Abstract:
Following the recent recognition of a positive value for the vacuum energy density and the realization that a simple Kantowski-Sachs model might fit the classical tests of cosmology, we study the qualitative behavior of three anisotropic and homogeneous models: Kantowski-Sachs, Bianchi type-I and Bianchi type-III universes, with dust and a cosmological constant, in order to find out which are physically permitted. We find that these models undergo isotropization up to the point that the observations will not be able to distinguish between them and the standard model, except for the Kantowski-Sachs model $(\Omega_{k_{0}}<0)$ and for the Bianchi type-III $(\Omega_{k_{0}}>0)$ with $\Omega_{\Lambda_{0}}$ smaller than some critical value $\Omega_{\Lambda_{M}}$. Even if one imposes that the Universe should be nearly isotropic since the last scattering epoch ($z\approx 1000$), meaning that the Universe should have approximately the same Hubble parameter in all directions (considering the COBE 4-Year data), there is still a large range for the matter density parameter compatible with Kantowsky-Sachs and Bianchi type-III if $|\Omega_0+\Omega_{\Lambda_0}-1|\leq \delta$, for a very small $\delta$ . The Bianchi type-I model becomes exactly isotropic owing to our restrictions and we have $\Omega_0+\Omega_{\Lambda_0}=1$ in this case. Of course, all these models approach locally an exponential expanding state provided the cosmological constant $\Omega_\Lambda>\Omega_{\Lambda_{M}}$.

Abstract:
In this work it is shown for some spatially homogeneous but anisotropic models how the inhomogeneities in the distribution of matter on the surface of the last scattering produce anisotropies in large angular scales (larger than $\vartheta \gtrsim 2^\circ$) which do not differ from the ones produced in Friedmann-Lema\^itre-Robertson-Walker (FLRW) geometries. That is, for these anisotropic models, the imprint left on the cosmic microwave background radiation (CMBR) by the primordial density fluctuations, in the form of a fractional variation of the temperature of this radiation, is governed by the same expression as the one given for FLRW models. More precisely, under adiabatic initial conditions, the classical Sachs-Wolfe effect is recovered, provided the anisotropy of the overall expansion is small. This conclusion is in agreement with previous work on the same anisotropic models where we found that they may go through an `isotropization' process up to the point that the observations are unable to distinguish them from the standard FLRW model, if the Hubble parameters along the orthogonal directions are assumed to be approximately equal at the present epoch. Here we assumed upper bounds on the present values of anisotropic parameters imposed by COBE observations.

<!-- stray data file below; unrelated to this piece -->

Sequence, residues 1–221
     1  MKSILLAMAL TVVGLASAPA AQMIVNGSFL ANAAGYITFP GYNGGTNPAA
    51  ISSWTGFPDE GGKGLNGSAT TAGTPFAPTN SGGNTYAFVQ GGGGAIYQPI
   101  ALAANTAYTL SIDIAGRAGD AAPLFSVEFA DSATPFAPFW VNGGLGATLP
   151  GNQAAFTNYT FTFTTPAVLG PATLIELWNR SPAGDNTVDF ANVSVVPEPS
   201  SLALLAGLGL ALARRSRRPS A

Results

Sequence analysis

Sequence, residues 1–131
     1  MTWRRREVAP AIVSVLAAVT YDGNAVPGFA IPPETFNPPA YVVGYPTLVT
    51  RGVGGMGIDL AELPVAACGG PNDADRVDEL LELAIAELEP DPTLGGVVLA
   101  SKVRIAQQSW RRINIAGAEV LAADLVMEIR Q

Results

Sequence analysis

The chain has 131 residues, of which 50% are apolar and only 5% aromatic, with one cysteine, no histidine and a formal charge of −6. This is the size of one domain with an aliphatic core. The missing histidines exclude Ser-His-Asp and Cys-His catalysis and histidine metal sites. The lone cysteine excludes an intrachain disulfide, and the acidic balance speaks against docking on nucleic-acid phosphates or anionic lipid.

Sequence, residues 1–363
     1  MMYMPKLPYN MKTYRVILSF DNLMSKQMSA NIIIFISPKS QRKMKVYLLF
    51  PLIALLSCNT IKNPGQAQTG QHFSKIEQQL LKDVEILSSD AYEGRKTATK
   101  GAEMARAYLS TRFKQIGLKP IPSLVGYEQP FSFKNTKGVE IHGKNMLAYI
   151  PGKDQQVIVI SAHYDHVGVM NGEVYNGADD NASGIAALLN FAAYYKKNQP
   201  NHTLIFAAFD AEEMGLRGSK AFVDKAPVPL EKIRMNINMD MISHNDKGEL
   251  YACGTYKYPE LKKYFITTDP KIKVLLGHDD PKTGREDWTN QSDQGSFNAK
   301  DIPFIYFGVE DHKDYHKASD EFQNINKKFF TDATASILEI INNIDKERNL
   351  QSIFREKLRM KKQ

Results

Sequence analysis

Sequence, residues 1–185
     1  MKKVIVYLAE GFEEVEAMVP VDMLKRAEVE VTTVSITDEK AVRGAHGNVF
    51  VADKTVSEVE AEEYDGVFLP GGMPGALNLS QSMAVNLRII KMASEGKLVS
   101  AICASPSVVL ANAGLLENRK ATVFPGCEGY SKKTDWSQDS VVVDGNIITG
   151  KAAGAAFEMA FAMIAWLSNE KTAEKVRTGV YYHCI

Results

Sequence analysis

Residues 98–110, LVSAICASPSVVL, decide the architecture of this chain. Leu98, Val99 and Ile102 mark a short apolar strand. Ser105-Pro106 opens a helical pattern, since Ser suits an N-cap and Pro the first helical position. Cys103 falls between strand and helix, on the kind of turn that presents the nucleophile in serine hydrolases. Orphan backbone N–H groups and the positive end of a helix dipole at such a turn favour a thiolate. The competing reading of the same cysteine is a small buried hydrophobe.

Abstract:
Following recent considerations of a non-zero value for the vacuum energy density and the realization that a simple Kantowski-Sachs model might fit the classical tests of cosmology, we study the qualitative behavior of three anisotropic and homogeneous models: Kantowski-Sachs, Bianchi I and Bianchi III universes, with dust and cosmological constant, in order to find out which are physically permitted. In fact, these models undergo isotropisation, except for the Kantowski-Sachs model (Omega_{k_{0}}>0) with Omega_{Lambda_{0}}< Omega_{Lambda_{M}} and for the Bianchi III (Omega_{k_{0}}<0) with Omega_{Lambda_{0}}

Abstract: